DCXX friend and contributor, Tony Rettman has been busy plugging away at a new book called "Why Be Something That You're Not", an extensive oral history of the Detroit Hardcore Punk scene from '79 to '85 complete with never-before-seen photos, fliers, etc. Slated for release in Summer 2010 by Revelation Records. Tony's given us a sample chapter to share, prepare yourself for this one… -Tim DCXX
WELCOME TO DETROIT! – THE DEMISE OF THE FREEZER AND THE RISE OF THE CLUBHOUSE
The scene swelled to such proportions that the shows at the Freezer had to end. The final hardcore show there happened in June of ’82 with Minor Threat headlining.
John Brannon – I remember that show being one of the greatest shows for Detroit hardcore. That’s the show where all the photos for our seven inch were taken at. It kind of ended fucked up because there was a huge scale riot out in the parking lot afterwards.
Davo Scheich – After Minor Threat were done, I went backstage to get my photo equipment that I hid with all of Negative Approach’s gear. Turns out the ceiling backstage had dropped in while Minor Threat was playing. There was plaster all over our stuff. We were literally digging through rubble to get our stuff out the door. Just then it looked like a riot was about to break out, so me and Rob McCullough grabbed our stuff as a major brawl spilled into the street.
Barry Henssler – The funny thing is, I was in a car driving away while the whole thing was going on. I remember seeing someone swinging a skateboard at someone’s head. Years later, some guy pulled a knife on me at a party thinking I was the one who started the fight.
Ian MacKaye – I remember going outside to see something that resembled a battle from the middle ages. Police cars started flying out of nowhere and in the midst of all this, I see the promoter of the Freezer Theatre look around and start running down the street. I started running after him because he’s got the fucking dough. I chased that motherfucker to an apartment about three or four blocks away. I finally catch up to him and he’s like “Oh, hey! There you are! I’ve been looking for you!” So he takes me into this apartment where there’s this guy in his fifties and a transvestite teenaged boy. While I’m in this strange apartment arguing with this guy about money, the rest of the band are back at the Freezer wondering where they fuck I am while police are going ballistic, beating on all these kids. Detroit was always a fucked up scene.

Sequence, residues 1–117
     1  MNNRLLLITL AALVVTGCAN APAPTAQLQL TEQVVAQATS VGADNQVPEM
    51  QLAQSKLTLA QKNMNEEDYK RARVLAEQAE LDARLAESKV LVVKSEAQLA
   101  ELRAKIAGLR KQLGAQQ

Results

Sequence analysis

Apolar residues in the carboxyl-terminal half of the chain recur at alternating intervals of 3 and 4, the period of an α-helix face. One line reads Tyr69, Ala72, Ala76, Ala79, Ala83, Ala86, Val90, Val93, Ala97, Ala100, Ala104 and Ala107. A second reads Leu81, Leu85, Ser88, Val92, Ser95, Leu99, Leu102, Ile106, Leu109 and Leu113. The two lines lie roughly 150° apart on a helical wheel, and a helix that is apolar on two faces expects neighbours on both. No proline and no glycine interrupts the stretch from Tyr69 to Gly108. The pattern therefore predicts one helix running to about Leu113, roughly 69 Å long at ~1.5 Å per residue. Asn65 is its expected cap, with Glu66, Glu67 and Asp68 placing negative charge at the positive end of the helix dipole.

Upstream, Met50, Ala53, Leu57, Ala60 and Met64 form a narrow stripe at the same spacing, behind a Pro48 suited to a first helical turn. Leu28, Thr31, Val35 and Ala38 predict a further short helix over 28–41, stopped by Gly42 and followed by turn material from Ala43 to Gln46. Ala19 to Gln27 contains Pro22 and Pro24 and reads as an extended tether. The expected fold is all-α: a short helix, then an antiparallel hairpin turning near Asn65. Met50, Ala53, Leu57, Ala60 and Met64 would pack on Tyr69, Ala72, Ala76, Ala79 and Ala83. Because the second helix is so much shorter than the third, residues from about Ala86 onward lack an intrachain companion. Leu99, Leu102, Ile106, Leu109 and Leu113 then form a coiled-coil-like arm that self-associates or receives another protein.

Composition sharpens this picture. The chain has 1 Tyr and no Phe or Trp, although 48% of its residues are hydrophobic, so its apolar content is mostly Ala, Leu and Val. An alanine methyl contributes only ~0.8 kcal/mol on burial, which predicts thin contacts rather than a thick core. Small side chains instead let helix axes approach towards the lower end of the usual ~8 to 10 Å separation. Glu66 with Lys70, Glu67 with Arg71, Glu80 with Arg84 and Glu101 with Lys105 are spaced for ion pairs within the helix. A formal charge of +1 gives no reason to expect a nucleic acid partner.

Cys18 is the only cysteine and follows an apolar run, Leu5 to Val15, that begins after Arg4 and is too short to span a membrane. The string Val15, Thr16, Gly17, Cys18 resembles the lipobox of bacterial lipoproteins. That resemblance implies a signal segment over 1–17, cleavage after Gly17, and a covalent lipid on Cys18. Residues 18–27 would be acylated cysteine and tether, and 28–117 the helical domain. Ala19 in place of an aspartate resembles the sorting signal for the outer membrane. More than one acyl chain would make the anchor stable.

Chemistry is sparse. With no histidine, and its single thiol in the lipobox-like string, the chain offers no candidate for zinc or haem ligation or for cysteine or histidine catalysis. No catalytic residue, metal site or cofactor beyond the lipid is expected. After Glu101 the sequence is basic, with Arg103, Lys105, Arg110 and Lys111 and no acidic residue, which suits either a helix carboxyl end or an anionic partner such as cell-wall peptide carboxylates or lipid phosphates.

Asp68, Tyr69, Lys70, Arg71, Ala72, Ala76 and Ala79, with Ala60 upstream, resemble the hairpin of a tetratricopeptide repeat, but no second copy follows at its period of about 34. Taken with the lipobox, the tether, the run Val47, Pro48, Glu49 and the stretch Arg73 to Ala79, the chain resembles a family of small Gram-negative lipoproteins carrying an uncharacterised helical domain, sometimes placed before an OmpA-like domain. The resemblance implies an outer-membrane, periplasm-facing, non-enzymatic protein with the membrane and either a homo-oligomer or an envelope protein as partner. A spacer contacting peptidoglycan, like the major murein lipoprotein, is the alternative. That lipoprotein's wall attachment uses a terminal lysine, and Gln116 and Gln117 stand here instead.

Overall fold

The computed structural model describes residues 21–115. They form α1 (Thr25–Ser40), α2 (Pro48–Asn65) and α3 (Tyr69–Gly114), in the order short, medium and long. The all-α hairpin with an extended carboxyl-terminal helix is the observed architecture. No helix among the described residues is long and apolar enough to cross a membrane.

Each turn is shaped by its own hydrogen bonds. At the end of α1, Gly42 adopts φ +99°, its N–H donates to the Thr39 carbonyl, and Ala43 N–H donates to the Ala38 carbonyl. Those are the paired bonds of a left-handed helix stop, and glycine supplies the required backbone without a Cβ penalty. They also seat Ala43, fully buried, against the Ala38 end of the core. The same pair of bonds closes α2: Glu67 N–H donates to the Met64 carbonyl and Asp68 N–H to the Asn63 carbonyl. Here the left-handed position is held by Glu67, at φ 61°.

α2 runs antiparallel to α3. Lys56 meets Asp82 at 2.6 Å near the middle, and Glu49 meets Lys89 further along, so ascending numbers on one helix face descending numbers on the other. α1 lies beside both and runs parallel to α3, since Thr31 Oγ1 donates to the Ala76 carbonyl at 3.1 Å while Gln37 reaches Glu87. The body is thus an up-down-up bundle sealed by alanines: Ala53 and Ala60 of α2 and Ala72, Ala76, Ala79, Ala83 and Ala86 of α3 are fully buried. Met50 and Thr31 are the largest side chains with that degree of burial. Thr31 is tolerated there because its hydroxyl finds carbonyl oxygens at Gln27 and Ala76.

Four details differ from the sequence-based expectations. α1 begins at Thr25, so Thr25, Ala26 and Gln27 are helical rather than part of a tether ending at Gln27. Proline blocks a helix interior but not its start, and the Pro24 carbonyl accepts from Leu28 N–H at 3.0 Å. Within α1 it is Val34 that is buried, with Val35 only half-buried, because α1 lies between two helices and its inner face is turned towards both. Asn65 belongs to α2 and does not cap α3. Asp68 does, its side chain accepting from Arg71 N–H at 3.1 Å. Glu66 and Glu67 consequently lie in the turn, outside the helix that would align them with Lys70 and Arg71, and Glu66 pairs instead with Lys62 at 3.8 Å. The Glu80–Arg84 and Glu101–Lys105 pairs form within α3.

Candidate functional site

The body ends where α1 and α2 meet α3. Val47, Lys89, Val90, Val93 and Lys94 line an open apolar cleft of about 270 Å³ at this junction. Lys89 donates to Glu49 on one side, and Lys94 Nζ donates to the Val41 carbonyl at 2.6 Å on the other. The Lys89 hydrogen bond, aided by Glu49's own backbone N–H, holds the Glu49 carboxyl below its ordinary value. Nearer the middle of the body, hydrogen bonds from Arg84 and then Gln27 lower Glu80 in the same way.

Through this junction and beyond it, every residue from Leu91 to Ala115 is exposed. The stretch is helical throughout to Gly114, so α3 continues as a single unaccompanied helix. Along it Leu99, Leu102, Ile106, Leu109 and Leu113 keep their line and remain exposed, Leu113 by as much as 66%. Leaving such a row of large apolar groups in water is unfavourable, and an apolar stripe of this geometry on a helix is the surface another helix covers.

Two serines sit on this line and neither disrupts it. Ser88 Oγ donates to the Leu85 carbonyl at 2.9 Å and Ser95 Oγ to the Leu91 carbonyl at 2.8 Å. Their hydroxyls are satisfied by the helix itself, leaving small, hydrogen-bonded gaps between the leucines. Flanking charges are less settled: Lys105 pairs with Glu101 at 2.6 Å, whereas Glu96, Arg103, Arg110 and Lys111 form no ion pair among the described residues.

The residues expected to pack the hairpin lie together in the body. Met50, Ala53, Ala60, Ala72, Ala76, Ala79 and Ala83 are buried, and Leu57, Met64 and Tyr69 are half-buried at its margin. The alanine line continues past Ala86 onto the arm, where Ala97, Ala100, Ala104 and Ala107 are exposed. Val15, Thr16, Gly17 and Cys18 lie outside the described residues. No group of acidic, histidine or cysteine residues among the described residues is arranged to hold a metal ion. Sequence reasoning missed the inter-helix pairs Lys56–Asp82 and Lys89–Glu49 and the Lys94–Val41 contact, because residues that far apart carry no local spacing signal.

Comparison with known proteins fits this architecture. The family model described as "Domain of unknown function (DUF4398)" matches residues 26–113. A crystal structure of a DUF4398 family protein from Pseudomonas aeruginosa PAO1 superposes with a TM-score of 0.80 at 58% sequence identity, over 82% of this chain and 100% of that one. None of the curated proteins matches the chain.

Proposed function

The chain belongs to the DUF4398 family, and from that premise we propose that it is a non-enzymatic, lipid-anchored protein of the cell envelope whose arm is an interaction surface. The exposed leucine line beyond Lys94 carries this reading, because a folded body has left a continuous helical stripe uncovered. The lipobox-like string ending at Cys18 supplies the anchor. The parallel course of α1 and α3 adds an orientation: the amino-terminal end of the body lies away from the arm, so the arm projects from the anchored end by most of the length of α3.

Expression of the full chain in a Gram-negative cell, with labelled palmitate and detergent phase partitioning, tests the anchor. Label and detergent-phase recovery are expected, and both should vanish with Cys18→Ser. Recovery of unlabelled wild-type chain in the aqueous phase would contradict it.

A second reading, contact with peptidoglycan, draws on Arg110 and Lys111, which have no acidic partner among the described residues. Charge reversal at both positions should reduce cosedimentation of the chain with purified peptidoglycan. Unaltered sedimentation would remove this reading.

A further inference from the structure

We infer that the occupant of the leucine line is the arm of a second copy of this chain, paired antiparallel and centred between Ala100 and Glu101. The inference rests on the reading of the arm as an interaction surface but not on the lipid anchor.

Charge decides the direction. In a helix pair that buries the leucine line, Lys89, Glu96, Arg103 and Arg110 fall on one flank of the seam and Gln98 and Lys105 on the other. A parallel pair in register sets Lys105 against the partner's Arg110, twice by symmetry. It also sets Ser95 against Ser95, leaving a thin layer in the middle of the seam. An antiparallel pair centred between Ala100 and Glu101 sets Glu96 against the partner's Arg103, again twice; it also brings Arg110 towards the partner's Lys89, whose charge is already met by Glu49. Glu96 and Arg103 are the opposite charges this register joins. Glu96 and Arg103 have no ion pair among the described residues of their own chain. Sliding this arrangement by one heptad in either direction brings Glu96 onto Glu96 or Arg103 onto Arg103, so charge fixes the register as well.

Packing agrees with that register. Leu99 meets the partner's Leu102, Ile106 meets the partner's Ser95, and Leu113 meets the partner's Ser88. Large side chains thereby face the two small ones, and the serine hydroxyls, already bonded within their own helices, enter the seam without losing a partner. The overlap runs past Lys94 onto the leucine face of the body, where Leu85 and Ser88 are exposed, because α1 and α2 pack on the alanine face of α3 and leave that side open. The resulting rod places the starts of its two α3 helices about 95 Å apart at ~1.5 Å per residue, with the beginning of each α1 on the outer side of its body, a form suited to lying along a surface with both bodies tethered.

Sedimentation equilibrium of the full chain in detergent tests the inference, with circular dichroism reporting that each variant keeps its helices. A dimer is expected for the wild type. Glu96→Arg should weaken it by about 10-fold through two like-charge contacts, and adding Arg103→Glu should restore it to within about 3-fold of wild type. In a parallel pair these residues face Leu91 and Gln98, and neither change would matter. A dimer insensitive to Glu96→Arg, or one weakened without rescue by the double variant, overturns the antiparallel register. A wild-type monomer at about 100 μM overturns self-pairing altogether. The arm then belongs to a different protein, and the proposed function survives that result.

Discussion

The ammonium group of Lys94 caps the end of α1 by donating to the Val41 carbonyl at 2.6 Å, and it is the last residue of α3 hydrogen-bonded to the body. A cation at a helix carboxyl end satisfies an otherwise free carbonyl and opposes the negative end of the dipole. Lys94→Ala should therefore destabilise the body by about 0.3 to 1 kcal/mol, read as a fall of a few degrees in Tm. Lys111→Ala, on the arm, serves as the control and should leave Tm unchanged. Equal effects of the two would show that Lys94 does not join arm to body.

John Brannon – We had these roadies, Tim and Randy King. We called them the Sleestaks because they were these big skinhead dudes who looked like wrestlers. We’re trying to get our amps out of there because the cops are all over the place, and either Tim or Randy clocked some fucker so hard he knocked him out of his shoes. I remember one of them saying, “I didn’t mean to hit that dude, I was just trying to get the gear out.”
Tim King – Me and my brothers were sort of at the center of fucking everybody up that night. The guys we got in the brawl with were these long hair kids who actually became the Sterling Heights skinheads a few years later. My brother punched a dude and he flew out into the road and slid out in front of this car. The guy hit his brakes and the sleeve of the kid’s shirt stopped under his wheel. The dude couldn’t move because his sleeve was stuck under the tire, so my brother beat the shit out of him more while he was stuck under there.
John Brannon – Ian was just freaking out saying, “This is fucked up man, this is crazy,” and I was just like, “Welcome to Detroit!” A couple blocks down me and Larissa rented out this storefront for 125 bucks, so we just gutted the place and built a stage and were like, “O.K, this is the new Freezer.” That’s how the Clubhouse got started. We had to keep the music going.
Since the closing of the Freezer Theatre, there hasn’t been a really cool place for bands to play without getting hassled by club owners. Well, now there’s the Clubhouse. What’s the Clubhouse you ask? For one thing, it’s a storefront a couple blocks from the Freezer that L-Seven and Negative Approach practice at. It used to be just for practicing, but the bands decided to renovate it to use for gigs. They tore down the loft, built a stage from the wood, and painted over all the graffiti.” – Excerpt from a review published in Filler fanzine of the Negative Approach/L-Seven show at the Clubhouse 7/30/82
Ken Waagner – We opened the Clubhouse when the Freezer fell through. I was the guy who came up with the genius idea of “You know, if we knock down these walls, we could probably use the materials to build a stage.” It was this three room loft that L-Seven and Negative Approach used to rehearse. The shows ended up paying the rent on the space. We could do one night a week every week and do 250 kids at five bucks a head.
Matt O’Brien – The shows at the Clubhouse were usually benefits for Negative Approach since they were always getting their equipment stolen from there. I think they had their equipment stolen nine times out of that place.
Andy Wendler – Once John and Larissa moved into the Clubhouse, there was a mutual respect with them and the local people in the neighborhood. The guys that owned the Rayes Brothers carry-out store loved them because of all the business they would bring. Imagine having some store in a wasteland and all of a sudden a bunch of kids just come in out of nowhere and you’re selling three hundred sodas a night?
Thursday, February 4, 2010
Posted by DOUBLE CROSS at 9:45 PM